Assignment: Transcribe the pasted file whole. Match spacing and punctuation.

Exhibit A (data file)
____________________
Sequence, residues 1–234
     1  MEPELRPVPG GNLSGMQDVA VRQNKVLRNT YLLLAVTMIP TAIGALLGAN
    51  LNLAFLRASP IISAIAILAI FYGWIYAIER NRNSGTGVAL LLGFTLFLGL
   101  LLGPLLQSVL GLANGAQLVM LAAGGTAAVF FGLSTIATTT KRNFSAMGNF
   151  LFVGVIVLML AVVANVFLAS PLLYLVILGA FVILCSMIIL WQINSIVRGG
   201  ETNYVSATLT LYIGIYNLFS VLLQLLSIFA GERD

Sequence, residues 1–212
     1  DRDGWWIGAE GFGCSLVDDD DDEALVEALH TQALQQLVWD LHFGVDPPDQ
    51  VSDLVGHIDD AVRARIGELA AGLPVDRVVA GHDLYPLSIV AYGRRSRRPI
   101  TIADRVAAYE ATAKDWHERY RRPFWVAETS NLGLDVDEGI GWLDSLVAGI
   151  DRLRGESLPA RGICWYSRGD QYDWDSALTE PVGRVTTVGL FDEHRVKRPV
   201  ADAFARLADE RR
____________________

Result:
Sequence, residues 1–234
     1  MEPELRPVPG GNLSGMQDVA VRQNKVLRNT YLLLAVTMIP TAIGALLGAN
    51  LNLAFLRASP IISAIAILAI FYGWIYAIER NRNSGTGVAL LLGFTLFLGL
   101  LLGPLLQSVL GLANGAQLVM LAAGGTAAVF FGLSTIATTT KRNFSAMGNF
   151  LFVGVIVLML AVVANVFLAS PLLYLVILGA FVILCSMIIL WQINSIVRGG
   201  ETNYVSATLT LYIGIYNLFS VLLQLLSIFA GERD

Sequence, residues 1–212
     1  DRDGWWIGAE GFGCSLVDDD DDEALVEALH TQALQQLVWD LHFGVDPPDQ
    51  VSDLVGHIDD AVRARIGELA AGLPVDRVVA GHDLYPLSIV AYGRRSRRPI
   101  TIADRVAAYE ATAKDWHERY RRPFWVAETS NLGLDVDEGI GWLDSLVAGI
   151  DRLRGESLPA RGICWYSRGD QYDWDSALTE PVGRVTTVGL FDEHRVKRPV
   201  ADAFARLADE RR